Coach K.C. Jones may have been given an impossible problem Tuesday night: How to replace Larry Bird in the Boston Celtics' lineup.
Bird injured both ankles with 2:38 remaining in the first half of a 109-88 loss to the Cleveland Cavaliers at Richfield, Ohio, Tuesday night, the first defeat in seven games for Boston. The nine-year veteran appeared to have suffered the injuries as he went up for a spinning shot and hit the Richfield Coliseum floor hard coming down.
Bird played the rest of the half and finished with 14 points. He had averaged 31.8 in the Celtics' first six games.
Bird started the third quarter but was replaced by Darren Daye, who scored 12 points, after just 24 seconds.
"It was clear (Bird) was limping," Jones said. "He had to come out. Right now, we don't know whether it's just his ankles or his Achilles' tendons, too. We'll have to see."
Bird, an eight-time All-Star and three-time Most Valuable Player, missed three games last December with a strained right Achilles' tendon.
"Larry does so much for this team," Jones said. "We just have to wait and see what tomorrow brings after he's checked out."
Bird, escorted to a waiting bus by team trainer Ed Lacerte after the game, would not talk with reporters but grimaced and muttered an expletive as he gingerly passed through the security gate.
"Larry will be examined, and his status will be determined at that time," Lacerte said. "There isn't anything else to say."
Dennis Johnson led Boston with 16 points, and the Celtics scored only 15 in the third quarter.
"It's tough playing without Larry," Johnson said. "He does so much for this team. We just had no rhythm at all."
Said forward Fred Roberts: "Losing Larry hurt, no doubt about it. We missed shots we normally make, and his ability is what pulls us through cold spells. It will be quiet on the plane back home."
Celtic center Robert Parish said: "It wouldn't have mattered even if we'd had our whole cast in there. They just outplayed us."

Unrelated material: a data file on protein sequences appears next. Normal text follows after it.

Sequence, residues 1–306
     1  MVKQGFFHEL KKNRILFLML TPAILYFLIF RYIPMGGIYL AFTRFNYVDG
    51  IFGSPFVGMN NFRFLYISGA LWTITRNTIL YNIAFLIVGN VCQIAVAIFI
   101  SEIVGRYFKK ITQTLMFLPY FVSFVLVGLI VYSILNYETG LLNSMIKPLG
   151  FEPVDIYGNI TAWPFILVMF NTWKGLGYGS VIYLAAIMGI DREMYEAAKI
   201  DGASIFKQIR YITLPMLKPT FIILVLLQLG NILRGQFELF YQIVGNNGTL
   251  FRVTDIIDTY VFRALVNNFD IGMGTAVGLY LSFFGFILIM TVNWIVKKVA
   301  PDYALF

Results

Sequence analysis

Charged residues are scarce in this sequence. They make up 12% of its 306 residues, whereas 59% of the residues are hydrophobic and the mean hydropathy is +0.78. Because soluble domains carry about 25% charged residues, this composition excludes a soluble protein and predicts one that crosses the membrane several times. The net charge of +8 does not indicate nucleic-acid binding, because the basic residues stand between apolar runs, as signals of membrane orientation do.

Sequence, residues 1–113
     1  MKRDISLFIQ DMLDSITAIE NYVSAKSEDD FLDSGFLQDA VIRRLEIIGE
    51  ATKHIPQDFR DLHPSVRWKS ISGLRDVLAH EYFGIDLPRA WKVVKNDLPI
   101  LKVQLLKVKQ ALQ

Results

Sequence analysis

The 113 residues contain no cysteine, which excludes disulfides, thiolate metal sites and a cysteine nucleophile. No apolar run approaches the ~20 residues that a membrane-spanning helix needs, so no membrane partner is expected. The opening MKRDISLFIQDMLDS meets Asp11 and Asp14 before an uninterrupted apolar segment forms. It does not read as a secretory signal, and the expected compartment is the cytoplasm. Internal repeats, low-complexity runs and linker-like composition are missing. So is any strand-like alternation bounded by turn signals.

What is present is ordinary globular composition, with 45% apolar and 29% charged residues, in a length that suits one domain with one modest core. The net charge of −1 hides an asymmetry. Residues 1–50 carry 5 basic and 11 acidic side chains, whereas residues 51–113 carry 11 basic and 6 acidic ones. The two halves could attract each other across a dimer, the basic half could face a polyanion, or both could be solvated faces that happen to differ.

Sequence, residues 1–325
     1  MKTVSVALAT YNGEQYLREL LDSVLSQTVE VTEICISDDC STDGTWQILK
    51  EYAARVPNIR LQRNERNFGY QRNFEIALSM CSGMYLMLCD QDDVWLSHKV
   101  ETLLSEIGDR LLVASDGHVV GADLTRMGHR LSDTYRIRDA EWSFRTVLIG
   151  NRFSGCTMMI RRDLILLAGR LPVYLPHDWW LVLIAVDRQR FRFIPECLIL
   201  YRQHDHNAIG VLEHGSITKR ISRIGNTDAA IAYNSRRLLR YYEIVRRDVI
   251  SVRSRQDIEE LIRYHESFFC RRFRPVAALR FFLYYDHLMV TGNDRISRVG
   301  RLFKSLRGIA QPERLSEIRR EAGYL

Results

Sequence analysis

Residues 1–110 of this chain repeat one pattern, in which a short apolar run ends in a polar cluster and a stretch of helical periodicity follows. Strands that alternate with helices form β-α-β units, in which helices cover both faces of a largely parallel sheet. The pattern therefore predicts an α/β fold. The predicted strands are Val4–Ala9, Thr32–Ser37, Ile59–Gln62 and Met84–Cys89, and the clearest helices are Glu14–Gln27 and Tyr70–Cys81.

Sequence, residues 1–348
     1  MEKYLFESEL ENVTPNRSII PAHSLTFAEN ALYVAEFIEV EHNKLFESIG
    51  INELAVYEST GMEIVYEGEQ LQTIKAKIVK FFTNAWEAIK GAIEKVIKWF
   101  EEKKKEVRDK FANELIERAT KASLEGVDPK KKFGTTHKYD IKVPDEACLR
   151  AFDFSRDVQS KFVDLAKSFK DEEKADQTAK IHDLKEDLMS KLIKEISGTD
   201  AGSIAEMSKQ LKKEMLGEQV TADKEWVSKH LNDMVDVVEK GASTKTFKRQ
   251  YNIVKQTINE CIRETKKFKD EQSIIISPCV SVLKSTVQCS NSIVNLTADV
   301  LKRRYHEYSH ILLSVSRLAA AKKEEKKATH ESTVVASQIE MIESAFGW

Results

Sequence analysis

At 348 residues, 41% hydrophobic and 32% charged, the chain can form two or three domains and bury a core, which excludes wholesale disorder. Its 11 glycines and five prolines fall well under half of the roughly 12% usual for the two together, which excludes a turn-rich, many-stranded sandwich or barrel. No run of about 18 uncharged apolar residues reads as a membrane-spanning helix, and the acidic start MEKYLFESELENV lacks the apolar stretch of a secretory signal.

Jones said: "We've been through this before a few times. It's just part of the game, and you go from there."
The Celtics already were playing without forward Kevin McHale and center Bill Walton, both on the injured list with foot problems.
Reserve guard Jerry Sichting has missed three games with a sore right knee and did not make the trip to Cleveland. Lacerte, however, said that Sichting may see action when the Celtics return home to play New York tonight.
Dell Curry scored eight of the Cavaliers' third-quarter points as they took an 85-63 lead entering the fourth quarter.
"Who knows what would have happened if he'd have been in there?" Curry said. "It helped that Larry Bird went out. But we were playing really well when he was in there, too."
Cleveland was playing without leading scorer Ron Harper, who is out for several weeks with a badly sprained left ankle.
The Cavaliers took the lead for good early in the game on a basket by rookie Kevin Johnson that put them ahead, 13-12, with 6:49 to go in the first quarter. The Cavaliers widened the lead to 11 at the half behind nine second-quarter points from Johnny Rogers.
New Jersey 114, Houston 111--Orlando Woolridge made his first announced start of the season at East Rutherford, N.J., and the Nets collected their first victory.
Woolridge, who was a surprise starter in Sunday night's game at home against Washington, hit 10 of 16 shots from the floor to revive a lethargic offense with 29 points.
Otis Birdsong hit a jumper with 49 seconds left, and John Bagley converted a pair of free throws as the Nets held Houston scoreless the final 1:10.
"I'm trying to get my timing back" said Woolridge, who missed the first three games with a cut finger.
Ben Coleman came off the bench to add 18 points, and Buck Williams added 17 points and a game-high 13 rebounds.
"It has got to stay in our minds that we can beat the better teams," Coleman said.
The Rockets took a 111-110 lead on a basket by Ralph Sampson with 1:10 left in the game, but New Jersey scored the final four points. Sampson missed a three-point shot with four seconds remaining.
The Rockets, who had won four straight, got 26 points and 10 rebounds from Sampson.
"This wasn't just a great win, it was the way we won," Williams said. "Everybody contributed. Even the fans got involved.
"Any time you play the Twin Towers (Sampson and Akeem Olajuwon), you want to take it right to them, and that's what we did."
Chicago 105, Washington 101--No matter how Michael Jordan looked at it, the Bulls' 500th victory in the 22-year history of the franchise "was just plain ugly."
Jordan, the league's leading scorer, got 11 of his 26 points in the fourth quarter at Chicago and sank four free throws in the last 10 seconds.
Brad Sellers hit a pair of clutch jumpers down the stretch to stop a Bullets' rally, which was led by Bernard King and Moses Malone.
"Winning was ugly," Jordan said. "We're a young team, but we're learning and we know our mistakes. But, if you win by just one, it's like winning by 30."